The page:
Feed the Light (2014)

Rating: C+

Dir: Henrik Möller
Star: Lina Sundén, Martin Jirhamn, Jenny Lampa, Patrik Karlson
a.k.a. Lokalvardaren

The top review for this on Letterboxd concludes, “If you do not like Lynch movies then avoid this one at all costs.” If I’d seen that before watching, I may not have bothered: having recently endured my way through Eraserhead, I was not exactly renewing my membership in the David Lynch Fan Club. Five minutes into this b&w Swedish slice of obscureness, clearly very much in debt to it, I was bracing myself for the cinematic equivalent of having my fingernails yanked out. Yet, here we are, with a perfectly respectable rating. For while this is a film I will never watch again, I reached the end and did not begrudge the time spent. I’m likely no better informed – just confused in a way which, if not conventionally “enjoyable” or  “entertaining,” was at least interesting.

Sara Hansson (Sundén) is looking for her daughter, Jenny, last seen being brought by her husband to the building where he works. To try and find her, Sara gets a job as a cleaner in the building under a very strict boss (Lampa), but it seen becomes clear something very odd is going on in the complex, with portals opening into other space, mysterious shadow people, a tendency for time to run differently, and at the centre of the facility, a glowing light which may (or may not) be sentient, divine or demonic. With the help of a friendly janitor, Sara ventures onto the forbidden second floor, in disobedience of her boss’s orders, in search of Jenny.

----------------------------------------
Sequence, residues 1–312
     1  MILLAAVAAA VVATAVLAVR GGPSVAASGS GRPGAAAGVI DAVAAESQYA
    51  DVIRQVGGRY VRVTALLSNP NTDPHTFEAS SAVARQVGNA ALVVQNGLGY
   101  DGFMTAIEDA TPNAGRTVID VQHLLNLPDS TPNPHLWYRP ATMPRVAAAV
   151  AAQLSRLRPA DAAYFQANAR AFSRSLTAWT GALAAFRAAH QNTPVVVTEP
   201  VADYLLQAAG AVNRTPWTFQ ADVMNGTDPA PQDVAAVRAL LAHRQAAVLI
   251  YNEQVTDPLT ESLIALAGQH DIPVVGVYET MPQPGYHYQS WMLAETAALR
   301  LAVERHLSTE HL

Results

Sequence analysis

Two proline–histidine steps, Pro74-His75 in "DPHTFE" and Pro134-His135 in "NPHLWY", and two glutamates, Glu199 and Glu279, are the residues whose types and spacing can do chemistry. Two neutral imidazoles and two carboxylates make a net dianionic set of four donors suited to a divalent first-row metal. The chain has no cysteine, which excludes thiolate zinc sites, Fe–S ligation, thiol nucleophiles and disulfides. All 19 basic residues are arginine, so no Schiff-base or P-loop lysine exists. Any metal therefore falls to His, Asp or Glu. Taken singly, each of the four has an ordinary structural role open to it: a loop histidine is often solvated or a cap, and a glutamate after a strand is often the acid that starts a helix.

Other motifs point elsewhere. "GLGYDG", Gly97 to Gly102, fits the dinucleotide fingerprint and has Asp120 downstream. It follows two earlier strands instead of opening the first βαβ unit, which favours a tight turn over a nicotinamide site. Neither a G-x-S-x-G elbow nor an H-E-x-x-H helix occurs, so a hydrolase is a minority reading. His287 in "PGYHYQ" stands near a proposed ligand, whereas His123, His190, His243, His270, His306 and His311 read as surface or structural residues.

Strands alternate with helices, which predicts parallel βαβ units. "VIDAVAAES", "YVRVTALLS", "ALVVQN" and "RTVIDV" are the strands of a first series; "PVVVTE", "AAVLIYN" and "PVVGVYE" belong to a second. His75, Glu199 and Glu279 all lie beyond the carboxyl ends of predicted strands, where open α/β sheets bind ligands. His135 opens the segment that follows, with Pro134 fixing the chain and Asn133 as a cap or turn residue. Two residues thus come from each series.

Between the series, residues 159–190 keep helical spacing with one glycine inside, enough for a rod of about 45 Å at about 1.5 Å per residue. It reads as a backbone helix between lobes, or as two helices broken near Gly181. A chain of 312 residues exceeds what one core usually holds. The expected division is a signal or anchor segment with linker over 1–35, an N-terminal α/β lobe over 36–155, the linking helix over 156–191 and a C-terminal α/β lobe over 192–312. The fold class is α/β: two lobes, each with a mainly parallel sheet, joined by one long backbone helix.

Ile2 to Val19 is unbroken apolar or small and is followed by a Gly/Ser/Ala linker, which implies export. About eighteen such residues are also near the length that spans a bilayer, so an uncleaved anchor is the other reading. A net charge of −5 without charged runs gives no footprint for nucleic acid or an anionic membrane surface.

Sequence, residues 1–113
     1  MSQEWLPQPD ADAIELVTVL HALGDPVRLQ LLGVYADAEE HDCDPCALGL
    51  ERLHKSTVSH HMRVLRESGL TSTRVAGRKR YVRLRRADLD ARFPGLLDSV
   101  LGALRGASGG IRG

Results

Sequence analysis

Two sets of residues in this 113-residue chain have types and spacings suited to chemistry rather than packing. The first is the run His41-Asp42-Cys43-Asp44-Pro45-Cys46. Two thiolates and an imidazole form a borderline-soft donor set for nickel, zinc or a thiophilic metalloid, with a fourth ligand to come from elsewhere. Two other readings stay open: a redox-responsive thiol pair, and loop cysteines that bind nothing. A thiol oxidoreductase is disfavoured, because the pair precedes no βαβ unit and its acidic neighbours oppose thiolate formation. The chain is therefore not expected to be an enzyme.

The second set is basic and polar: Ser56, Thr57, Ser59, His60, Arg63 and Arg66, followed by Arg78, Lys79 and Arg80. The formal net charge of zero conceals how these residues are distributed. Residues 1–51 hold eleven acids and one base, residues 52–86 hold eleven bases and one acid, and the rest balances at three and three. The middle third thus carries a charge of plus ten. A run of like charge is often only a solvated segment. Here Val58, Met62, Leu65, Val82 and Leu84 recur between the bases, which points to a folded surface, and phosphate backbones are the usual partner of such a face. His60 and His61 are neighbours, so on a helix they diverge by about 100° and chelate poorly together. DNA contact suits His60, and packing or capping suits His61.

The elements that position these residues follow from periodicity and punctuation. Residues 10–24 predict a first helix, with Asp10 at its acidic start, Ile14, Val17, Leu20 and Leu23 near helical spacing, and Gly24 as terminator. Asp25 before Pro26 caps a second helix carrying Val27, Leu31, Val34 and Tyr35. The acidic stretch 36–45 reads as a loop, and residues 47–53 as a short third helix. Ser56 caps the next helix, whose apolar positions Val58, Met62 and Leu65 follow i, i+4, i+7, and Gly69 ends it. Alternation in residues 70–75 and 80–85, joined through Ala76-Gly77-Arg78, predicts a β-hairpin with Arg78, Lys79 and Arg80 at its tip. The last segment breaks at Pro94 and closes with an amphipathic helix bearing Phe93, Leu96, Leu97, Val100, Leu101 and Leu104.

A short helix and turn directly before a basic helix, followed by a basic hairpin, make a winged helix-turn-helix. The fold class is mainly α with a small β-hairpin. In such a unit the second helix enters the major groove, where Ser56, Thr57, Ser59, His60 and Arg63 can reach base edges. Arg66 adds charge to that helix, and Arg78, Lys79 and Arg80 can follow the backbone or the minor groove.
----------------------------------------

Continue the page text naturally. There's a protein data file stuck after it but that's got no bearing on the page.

This is supposedly based on The Color Out of Space by H.P. Lovecraft, but compared to either the Italian or Nicolas Cage movies of that name, the connection seems tenuous. Inspired by, I might just about give you: this contains the same sense of lurking dread, and things hiding just beyond what we mere mortal humans can perceive. At no point here, is anything even approaching an explanation provided. To be fair, the only person who needs one is Sara, and she is simply focused, with laser-like intensity, on finding her daughter. She doesn’t care about the WTFness of the entire scenario. Personally, after being attacked by a naked man, whose anus oozes a mercury-like fluid, I’d… have questions. 

That said, there does appear at least to be an internal logic at work, even if it’s not apparent to the viewer. We go along with Sara on her journey, and if the ending can hardly be said to tie up the loose ends, it does leverage one of the elements into a rather poignant finale. All told, considering the tiny budget, small cast and zero sets – it largely unfolds in a series of corridors – I find myself thinking back more warmly on this than I felt as I was watching. It seemed a garbled mess, and it probably is. Yet unlike the over-rated Eraserhead, I can squint and potentially see a way I could be convinced of its qualities.